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NOW OPEN TO NON-MEMBERS. Volunteers wanted to test out a new topical compound

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  • NOW OPEN TO NON-MEMBERS. Volunteers wanted to test out a new topical compound

    -- Non-members can sign up by e-mailing: themediumdog@live.com --

    I have recently been in contact with the owner of a small company, DermaZAide, which would like to try out a compound they have patented for topical use, to see if it might help rosacea.

    The compound in question is Nafamostat mesylate/Futhan. The basis for thinking it may help rosacea is entirely theoretical: it is a broad-spectrum protease inhibitor, and specifically it has been demonstrated in vitro to inhibit the enzymes SCTE and SCCE (stratum corneum tryptic enzyme and stratum cornum chymotryptic enzyme), which have been proposed to play a central role in the pathogenesis of rosacea by Dr Richard Gallo and his team.

    The company would like volunteers to test the compound, to see whether it has any beneficial effect. (If so, a second, larger test might be conducted to generate data for a step towards proper trials).

    Specifics:

    1. It has been indicated that around 20-25 people would be needed.
    2. These people should be in the U.S. The company itself is based in the U.S., so this would make things easier practically.
    3. You must document your progress with the compound. So, a description of your condition and symptoms, maybe with photos; document your experience during use and describe results, positive and negative, maybe again with photos. A questionnaire will be sent on which to record all this.
    Also, you should use the treatment for the entire test period (a month) - unless of course there are bad side-effects. Don't worry if you can't carry on, since someone else can take your place.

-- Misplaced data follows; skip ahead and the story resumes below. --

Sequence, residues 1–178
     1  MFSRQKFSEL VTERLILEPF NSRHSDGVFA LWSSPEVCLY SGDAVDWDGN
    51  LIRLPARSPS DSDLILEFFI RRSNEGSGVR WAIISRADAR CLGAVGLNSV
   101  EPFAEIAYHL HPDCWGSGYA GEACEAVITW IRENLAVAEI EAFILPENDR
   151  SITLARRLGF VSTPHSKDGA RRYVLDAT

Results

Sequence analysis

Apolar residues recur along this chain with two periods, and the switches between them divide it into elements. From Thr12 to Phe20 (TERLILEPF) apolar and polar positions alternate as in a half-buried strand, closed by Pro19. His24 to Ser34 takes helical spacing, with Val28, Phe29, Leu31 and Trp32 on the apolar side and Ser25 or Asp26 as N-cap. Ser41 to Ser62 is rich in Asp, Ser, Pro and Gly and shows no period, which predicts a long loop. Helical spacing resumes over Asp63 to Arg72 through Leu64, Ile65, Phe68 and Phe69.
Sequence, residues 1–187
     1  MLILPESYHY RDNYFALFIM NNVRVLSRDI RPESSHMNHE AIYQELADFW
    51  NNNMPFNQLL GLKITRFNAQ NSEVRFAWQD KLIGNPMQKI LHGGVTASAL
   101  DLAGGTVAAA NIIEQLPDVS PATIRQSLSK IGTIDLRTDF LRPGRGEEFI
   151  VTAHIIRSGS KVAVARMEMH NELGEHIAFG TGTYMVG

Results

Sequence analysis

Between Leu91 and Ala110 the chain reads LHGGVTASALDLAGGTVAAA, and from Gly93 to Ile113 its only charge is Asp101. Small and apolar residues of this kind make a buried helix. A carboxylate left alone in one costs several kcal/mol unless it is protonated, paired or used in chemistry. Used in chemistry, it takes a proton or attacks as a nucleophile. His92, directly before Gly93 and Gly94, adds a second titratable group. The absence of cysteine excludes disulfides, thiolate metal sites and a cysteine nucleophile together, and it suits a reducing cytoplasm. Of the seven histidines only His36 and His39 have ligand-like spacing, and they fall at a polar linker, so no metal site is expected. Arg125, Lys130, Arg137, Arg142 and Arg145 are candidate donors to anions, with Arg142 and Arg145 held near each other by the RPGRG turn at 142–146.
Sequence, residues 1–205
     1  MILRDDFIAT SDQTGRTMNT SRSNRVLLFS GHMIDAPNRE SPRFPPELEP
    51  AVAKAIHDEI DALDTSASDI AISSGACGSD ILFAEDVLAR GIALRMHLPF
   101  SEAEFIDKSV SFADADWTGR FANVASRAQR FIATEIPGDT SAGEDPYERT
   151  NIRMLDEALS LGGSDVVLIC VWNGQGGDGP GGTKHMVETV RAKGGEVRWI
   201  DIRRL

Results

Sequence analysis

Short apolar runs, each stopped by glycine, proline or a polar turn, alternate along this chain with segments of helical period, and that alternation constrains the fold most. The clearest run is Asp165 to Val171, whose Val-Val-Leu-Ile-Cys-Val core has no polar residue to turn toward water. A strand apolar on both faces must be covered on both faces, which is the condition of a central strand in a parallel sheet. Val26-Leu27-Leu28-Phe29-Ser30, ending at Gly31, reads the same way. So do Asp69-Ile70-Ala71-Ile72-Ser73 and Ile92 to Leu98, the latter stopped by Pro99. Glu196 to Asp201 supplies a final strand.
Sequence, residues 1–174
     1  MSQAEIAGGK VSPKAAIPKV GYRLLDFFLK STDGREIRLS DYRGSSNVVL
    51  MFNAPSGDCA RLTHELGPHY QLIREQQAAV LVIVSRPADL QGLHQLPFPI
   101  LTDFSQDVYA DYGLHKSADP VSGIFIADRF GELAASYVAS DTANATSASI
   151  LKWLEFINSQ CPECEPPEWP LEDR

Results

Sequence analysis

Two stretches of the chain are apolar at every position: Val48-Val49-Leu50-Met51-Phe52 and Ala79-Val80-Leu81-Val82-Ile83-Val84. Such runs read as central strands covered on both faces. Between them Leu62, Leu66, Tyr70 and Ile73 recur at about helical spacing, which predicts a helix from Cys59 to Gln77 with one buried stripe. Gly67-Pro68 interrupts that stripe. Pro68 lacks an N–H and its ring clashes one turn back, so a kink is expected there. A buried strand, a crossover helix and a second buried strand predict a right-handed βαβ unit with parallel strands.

4. You must sign a waiver freeing the company from any action (see below on safety).

    A few of comments on these specifics about procedure.

    First, there is apparently the potential for more than 20-25 people to be involved, but the issue is that the company is small and the compound is expensive. If the response is overwhelming, then possibly the number should be increased. Otherwise, I will just do a random lot among the respondents. Bear in mind, we're not talking about trials lasting years – its just a month. So if results were positive, people wouldn't have to wait long to get involved in another round.

    Second, I think it would be best if those volunteering know they have tolerated at least some topicals in the past (obviously within reason. We're not the hardiest bunch!). Otherwise, if a lot of people are forced to quit after a short while, it is obviously going to diminish the use of the tests. I have no idea whether the compound is irritating.

    *

    Anyone considering volunteering should know that the compound is expected to be entirely safe, since it has been used for 20 years in Japan as a treatment for pancreatitis. If there are side-effects (beyond mere irritation), simply ceasing use and washing away should be sufficient to stop them. So you will not be putting your life (or skin) at too much risk.